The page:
Gabrielle Schlumbohm, 27
Product Specialist, Entec Polymers LLC
Gabrielle Schlumbohm initially joined Entec Polymers in 2017 as a customer service representative because she enjoyed both the culture and the company.
"My dad used to quote, 'There is a great future in plastics,' from the movie The Graduate. Once I started working at Entec, I realized how large of an impact the industry has on not only my life but globally every human," she said. "Learning the different types of plastics and what applications they go into led me to understand how integrated and important it was for our society. I wanted to be a part of an industry that was an important factor in the world, and this is one of the largest."
Schlumbohm has a bachelor's degree in business administration/economics from the University of Central Florida and held a commercial project manager internship with Siemens.
She became a polystyrene product specialist in June 2018 and polypropylene product specialist in December 2018.
The biggest challenges from the pandemic she faces are supply chain constraints and market volatility.
"Between the labor, container, truck drivers, vessel space, raw goods shortages, it has been difficult to keep our customers running. Throughout the pandemic, it felt like there wasn't a light at the end of the tunnel. Usually, when times are difficult, there is some hope that at some point it will come to an end and things will improve. However, this time, it feels as though the supply chain is still not easing up and that is causing the workforce to be burnt out constantly," she said.
"The pandemic also opened my eyes to how globally connected we are as a supply chain. With the virus specifically, it also caused many people to grow fearful to interact with others. This created a large shift of virtual interaction, which is not as personal. My favorite part of my job is being able to visit our customers and suppliers, and I have not been able to do that since the pandemic hit," she added.
To learn and grow, Schlumbohm said she puts herself in challenges that are uncomfortable, as she believes that's how the greatest growth happens.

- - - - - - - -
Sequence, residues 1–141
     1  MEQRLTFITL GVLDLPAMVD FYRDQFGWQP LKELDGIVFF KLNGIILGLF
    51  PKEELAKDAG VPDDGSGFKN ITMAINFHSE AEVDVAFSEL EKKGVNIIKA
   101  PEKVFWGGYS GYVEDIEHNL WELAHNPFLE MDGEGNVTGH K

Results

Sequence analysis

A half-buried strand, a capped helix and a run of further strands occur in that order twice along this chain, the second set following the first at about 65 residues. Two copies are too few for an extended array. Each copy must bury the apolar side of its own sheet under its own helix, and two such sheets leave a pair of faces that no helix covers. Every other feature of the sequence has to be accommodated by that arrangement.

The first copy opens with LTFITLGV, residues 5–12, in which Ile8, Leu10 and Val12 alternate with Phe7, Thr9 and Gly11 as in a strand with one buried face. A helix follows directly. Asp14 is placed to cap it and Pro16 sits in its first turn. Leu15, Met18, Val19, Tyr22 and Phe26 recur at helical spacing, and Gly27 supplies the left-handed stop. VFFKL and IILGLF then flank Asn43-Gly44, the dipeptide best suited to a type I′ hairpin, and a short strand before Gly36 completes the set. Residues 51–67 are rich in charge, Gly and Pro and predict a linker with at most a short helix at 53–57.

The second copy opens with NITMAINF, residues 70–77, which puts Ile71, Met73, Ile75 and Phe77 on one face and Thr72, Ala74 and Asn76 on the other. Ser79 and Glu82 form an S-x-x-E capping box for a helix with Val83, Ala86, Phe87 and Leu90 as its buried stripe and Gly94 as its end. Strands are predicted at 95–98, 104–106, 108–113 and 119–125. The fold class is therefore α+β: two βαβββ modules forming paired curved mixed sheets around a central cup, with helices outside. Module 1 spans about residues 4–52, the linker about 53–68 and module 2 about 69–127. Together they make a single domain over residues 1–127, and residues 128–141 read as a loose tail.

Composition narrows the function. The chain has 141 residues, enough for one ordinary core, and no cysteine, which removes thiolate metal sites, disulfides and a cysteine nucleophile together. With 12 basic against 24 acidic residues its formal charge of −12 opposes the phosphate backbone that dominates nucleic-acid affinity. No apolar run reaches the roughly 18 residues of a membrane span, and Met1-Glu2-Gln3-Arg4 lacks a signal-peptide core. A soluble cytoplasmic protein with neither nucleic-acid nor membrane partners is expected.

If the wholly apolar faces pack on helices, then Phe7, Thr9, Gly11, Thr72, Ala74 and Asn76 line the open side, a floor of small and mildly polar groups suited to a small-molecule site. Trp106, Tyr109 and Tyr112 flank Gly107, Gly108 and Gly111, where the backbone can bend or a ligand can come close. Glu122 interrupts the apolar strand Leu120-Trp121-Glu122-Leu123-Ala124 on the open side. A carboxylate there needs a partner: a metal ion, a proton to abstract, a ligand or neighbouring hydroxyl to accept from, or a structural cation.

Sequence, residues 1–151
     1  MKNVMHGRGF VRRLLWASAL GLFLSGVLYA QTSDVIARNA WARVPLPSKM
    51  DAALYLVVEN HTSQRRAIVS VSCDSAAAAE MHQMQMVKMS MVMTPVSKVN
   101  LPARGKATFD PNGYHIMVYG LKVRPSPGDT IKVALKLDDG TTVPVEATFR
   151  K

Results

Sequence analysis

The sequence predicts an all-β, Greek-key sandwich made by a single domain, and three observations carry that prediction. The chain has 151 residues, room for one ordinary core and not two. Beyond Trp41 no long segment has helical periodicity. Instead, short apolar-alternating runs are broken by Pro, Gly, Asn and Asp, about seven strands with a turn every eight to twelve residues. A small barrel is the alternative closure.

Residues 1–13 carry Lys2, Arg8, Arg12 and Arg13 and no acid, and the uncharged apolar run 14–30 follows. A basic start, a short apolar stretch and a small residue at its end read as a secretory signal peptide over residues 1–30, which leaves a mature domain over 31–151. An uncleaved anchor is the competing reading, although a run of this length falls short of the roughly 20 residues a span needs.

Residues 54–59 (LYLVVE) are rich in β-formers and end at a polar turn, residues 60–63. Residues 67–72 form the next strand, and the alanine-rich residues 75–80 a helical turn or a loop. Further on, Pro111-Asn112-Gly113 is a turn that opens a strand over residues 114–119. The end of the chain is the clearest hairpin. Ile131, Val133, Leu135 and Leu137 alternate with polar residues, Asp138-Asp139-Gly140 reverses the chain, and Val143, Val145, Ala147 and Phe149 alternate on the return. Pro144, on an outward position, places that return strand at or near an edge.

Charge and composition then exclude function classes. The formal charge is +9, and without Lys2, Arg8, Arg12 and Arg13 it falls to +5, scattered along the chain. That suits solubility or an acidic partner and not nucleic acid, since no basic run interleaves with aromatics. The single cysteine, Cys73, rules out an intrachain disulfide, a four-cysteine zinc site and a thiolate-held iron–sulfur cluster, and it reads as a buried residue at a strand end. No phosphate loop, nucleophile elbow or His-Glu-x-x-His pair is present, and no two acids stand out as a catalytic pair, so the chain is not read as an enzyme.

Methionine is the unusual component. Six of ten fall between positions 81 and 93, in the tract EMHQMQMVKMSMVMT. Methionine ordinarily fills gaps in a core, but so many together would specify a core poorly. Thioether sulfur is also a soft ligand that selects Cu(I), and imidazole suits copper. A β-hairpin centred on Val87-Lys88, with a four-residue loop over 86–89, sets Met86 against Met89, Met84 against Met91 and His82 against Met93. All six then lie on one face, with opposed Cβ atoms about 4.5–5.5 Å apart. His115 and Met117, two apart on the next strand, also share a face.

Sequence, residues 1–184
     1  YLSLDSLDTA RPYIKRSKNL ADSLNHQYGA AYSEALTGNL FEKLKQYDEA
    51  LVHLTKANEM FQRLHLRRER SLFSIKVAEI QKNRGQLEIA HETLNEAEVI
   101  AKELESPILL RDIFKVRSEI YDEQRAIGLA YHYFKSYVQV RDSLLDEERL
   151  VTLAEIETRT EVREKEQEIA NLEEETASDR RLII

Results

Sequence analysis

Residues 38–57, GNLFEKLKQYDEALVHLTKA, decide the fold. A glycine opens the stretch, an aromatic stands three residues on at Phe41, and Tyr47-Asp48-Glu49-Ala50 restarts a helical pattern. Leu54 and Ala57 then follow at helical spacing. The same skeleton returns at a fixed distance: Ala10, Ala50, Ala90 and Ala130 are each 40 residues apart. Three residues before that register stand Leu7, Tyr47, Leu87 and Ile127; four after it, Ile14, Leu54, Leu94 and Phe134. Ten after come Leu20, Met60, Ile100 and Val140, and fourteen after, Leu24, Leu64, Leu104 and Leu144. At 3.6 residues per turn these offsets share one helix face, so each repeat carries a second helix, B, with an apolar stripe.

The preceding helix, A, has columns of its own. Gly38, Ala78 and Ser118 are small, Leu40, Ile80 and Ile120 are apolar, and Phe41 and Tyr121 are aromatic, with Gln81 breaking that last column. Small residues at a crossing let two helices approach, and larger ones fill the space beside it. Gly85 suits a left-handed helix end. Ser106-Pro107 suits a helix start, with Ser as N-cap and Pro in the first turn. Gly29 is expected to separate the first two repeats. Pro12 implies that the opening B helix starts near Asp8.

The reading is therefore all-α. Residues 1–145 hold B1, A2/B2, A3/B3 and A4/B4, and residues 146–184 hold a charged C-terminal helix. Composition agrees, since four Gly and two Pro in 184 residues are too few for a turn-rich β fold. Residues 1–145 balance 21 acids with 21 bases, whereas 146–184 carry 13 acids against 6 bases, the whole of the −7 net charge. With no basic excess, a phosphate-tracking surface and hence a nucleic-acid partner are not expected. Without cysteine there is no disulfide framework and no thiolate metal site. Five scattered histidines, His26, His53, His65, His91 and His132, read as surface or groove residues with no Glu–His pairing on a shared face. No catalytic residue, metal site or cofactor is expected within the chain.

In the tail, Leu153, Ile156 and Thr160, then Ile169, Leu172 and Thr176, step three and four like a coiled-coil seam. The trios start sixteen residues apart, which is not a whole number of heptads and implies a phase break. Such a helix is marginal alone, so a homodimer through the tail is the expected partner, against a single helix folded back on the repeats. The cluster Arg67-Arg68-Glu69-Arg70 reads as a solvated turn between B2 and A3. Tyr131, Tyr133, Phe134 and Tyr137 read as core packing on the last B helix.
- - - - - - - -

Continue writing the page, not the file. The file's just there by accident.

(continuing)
"In order to advance my career, I have uncomfortable conversations about how I can improve, more responsibilities I can take on and network with the highest-level positions within my company to ensure I am known. … I come to work every day with compassion and drive to not only be the best employee but work at the best company possible," she said. "Growing up … taught me that if you want something out of life, you must be the person to get after it. I never back down from a challenge."
Q: What is your greatest achievement?
Schlumbohm: Graduating college at the age of 22, debt-free. Growing up, my parents did not have much money. My dad worked full time as a bartender at the airport while my mom stayed home to raise us as kids. My family of five grew up in a two-bedroom apartment in Orlando, Fla. Watching my parents constantly struggle helped me learn the value of the dollar. There were times when I wanted or needed something that my parents simply could not afford. Witnessing their struggle, I wanted to get a degree, become successful and help my family.
A few days after turning 16, I had my first official job at a local Nature's Table Café and bought my first car for $2,500. From working full time in high school and all throughout college, I budgeted and saved for all four years of college. I managed to make enough money to pay for everything without any student loans. I lived on my own at the age of 19 with two roommates and managed to save all my money to put towards my bills and school. Seeing the amount of debt that people collect throughout their college experience and how much they struggle to pay it off over the course of their career has made me extremely grateful for my ability to pay for school out of my own pocket. It has also led me to become successful in my career.
Q: What should the plastics industry do to expand its efforts in diversity and inclusion?
Schlumbohm: The industry is money-driven, which, throughout history, has been driven by male success. Men were the breadwinners of the household, while women were expected to stay home and raise the family. As our society is growing and developing, I believe in this industry, it is still dominated by men.
I have visited suppliers and customers across the United States, and I noticed it is a male-dominant workforce. I think the industry needs to make greater efforts to move away from "good old boy" practices and take into consideration allowing a more diversified leadership group in top-level positions and sales force members. From personal experience, I can say it has been difficult as a woman to move up into higher-level positions within the industry where I would be respected and valued, as opposed to moving to the position just to "appear"' that there is more diversity and inclusion.
Q: What about the plastics industry surprises you?
Schlumbohm: I am surprised at how large the industry is ingrained in our society. I never would have imagined how many things are made from plastic. When I began learning about plastics and everything it is currently used for, it was a big shock. Additionally, how large of the supply chain the plastic industry affects. That was significantly seen during this COVID pandemic. Walking into stores where the shelves are empty was not something I thought I would see in my lifetime. With that, I began to realize the true scale of the plastics industry.